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Computer Architecture

Computer Architecture . Instruction Set Architecture (IBM 360)

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Computer Architecture

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  1. Computer Architecture • Instruction Set Architecture (IBM 360) • … the attributes of a [computing] system as seen by the programmer. I.e. the conceptual structure and functional behavior, as distinct from the organization of the data flows and controls, the logic design, and the physical implementation. -- Amdahl, Blaaw, & Brooks, 1964 • Machine Organization (microarchitecture) • ALUS, Buses, Caches, Memories, etc. • Machine Implementation (realization) • Gates, cells, transistors, wires

  2. Computer Architecture • Exercise in engineering tradeoff analysis • Find the fastest/cheapest/power-efficient/etc. solution • Optimization problem with 100s of variables • All the variables are changing • At non-uniform rates • With inflection points • Only one guarantee: Today’s right answer will be wrong tomorrow • Two high-level effects: • Technology push • Application Pull

  3. Technology Push • What do these two intervals have in common? • 1776-1999 (224 years) • 2000-2001 (2 years) • Answer: Equal progress in processor speed! • The power of exponential growth! • Driven by Moore’s Law • Device per chips doubles every 18-24 months • Computer architects work to turn the additional resources into speed/power savings/functionality!

  4. Some History

  5. Performance Growth Unmatched by any other industry ! [John Crawford, Intel] • Doubling every 18 months (1982-1996): 800x • Cars travel at 44,000 mph and get 16,000 mpg • Air travel: LA to NY in 22 seconds (MACH 800) • Wheat yield: 80,000 bushels per acre • Doubling every 24 months (1971-1996): 9,000x • Cars travel at 600,000 mph, get 150,000 mpg • Air travel: LA to NY in 2 seconds (MACH 9,000) • Wheat yield: 900,000 bushels per acre

  6. Technology Push • Technology advances at varying rates • E.g. DRAM capacity increases at 60%/year • But DRAM speed only improves 10%/year • Creates gap with processor frequency! • Inflection points • Crossover causes rapid change • E.g. enough devices for single-chip processor • Imminent: system on a chip (SOC) and chip multiprocessors (CMP) • Imminent: clock signal cannot reach entire chip

  7. Application Pull • Corollary to Moore’s Law: Cost halves every two years In a decade you can buy a computer for less than its sales tax today. –Jim Gray • Computers cost-effective for • National security – weapons design • Enterprise computing – banking • Departmental computing – computer-aided design • Personal computer – spreadsheets, email, web • Pervasive computing – prescription drug labels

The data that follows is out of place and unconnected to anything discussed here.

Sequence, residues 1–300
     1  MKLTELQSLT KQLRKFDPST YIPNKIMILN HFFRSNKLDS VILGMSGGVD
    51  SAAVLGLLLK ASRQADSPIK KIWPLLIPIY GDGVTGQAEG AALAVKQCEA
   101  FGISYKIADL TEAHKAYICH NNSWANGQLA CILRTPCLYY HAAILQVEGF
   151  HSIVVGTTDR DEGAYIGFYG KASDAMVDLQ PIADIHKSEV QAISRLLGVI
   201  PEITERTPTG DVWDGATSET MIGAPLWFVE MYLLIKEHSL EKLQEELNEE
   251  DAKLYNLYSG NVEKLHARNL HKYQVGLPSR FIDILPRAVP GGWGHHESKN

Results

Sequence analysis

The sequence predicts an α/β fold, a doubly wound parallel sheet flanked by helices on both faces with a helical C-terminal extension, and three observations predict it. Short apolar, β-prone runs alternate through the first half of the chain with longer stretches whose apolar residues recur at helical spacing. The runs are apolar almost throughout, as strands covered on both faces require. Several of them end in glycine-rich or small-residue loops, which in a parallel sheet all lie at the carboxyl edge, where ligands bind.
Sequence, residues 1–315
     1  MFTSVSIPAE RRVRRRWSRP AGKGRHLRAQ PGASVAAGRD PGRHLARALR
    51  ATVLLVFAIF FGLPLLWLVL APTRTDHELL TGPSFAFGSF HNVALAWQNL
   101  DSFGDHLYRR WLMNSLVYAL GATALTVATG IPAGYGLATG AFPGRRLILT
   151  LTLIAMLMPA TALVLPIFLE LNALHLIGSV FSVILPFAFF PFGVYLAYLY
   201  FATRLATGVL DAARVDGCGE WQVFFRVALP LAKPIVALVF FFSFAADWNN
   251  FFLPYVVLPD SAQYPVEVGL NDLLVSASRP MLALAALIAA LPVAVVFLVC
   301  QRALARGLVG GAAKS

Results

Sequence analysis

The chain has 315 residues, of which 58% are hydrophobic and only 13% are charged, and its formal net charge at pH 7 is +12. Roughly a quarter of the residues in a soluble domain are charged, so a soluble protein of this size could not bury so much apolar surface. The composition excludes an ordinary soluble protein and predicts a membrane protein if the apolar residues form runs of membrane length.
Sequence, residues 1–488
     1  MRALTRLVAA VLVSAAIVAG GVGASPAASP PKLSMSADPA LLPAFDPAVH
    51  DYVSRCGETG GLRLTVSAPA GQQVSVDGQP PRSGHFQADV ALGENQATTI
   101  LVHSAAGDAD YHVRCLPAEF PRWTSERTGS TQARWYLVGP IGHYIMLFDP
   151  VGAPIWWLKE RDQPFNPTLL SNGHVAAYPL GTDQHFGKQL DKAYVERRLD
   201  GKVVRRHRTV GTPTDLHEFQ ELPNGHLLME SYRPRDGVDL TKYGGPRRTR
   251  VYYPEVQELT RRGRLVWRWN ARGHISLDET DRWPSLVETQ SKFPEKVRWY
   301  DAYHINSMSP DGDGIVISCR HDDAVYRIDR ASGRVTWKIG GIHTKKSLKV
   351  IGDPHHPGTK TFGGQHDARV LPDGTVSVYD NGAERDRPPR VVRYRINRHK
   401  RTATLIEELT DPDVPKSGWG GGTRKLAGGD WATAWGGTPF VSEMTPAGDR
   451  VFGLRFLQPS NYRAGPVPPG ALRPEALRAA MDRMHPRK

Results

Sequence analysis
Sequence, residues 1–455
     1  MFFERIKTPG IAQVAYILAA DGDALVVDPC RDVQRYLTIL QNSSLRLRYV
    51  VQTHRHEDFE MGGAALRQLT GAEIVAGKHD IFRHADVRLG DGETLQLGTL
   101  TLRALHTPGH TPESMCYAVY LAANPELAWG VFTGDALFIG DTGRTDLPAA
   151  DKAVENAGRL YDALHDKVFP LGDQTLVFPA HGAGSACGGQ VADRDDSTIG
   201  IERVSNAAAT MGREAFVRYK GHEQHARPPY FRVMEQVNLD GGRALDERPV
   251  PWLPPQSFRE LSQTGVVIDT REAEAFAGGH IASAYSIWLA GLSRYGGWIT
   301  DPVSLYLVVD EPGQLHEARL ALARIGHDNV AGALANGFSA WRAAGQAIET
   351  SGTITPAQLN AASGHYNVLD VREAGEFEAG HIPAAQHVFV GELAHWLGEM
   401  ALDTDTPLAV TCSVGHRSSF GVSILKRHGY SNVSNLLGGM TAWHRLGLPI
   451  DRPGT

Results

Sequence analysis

8. Application Pull • What about the future? • E.g. weather forecasting computational demand • Must dream up applications that are not cost-effective today • Virtual reality • Telepresence • Mass customization • Web agents • Wireless • Proactive (beyond interactive) w/ sensors • This is your job!

  9. Abstraction • Difference between interface and implementation • Interface: WHAT something does • Implementation: HOW it does so

  10. X Y Mux S F Abstraction, E.g. • 2:1 Mux (352) • Interface • Implementations • Gates (fast or slow), pass transistors

  11. What’s the Big Deal? • Tower of abstraction • Complex interfaces implemented by layers below • Abstraction hides detail • Hundreds of engineers build one product • Complexity unmanageable otherwise

  12. Basic Division of Hardware • In space (vs. time) Memory Control Output Data path Input Processor

  13. Basic Division of Hardware • In time (vs. space) • Fetch instruction from memory add r1, r2, r3 • Decode the instruction – what does this mean? • Read input operands read r2, r3 • Perform operation add • Write results write to r1 • Determine the next instruction pc := pc + 4

  14. Classes of Computers • Supercomputer $5-20 million • Mainframe $0.5-4 million • Server $10-200 thousand • PC/Workstation $1-10 thousand • Game console $300-$1000 • Embedded device $1-$100 • Future disposable 1-100 cents

  15. Building Computer Chips • Complex multi-step process • Slice ingots into wafers • Process wafers into patterned wafers • Dice patterned wafers into dies • Test dies, select good dies • Bond to package • Test parts • Ship to customers and make money

  16. Building Computer Chips

  17. Performance vs. Design Time • Time to market is critically important • E.g., a new design may take 3 years • It will be 3 times faster • But if technology improves 50%/year • In 3 years 1.53 = 3.38 • So the new design is worse! (unless it also employs new technology)

  18. Bottom Line • Designers must know BOTH software and hardware • Both contribute to layers of abstraction • IC costs and performance • Compilers and Operating Systems

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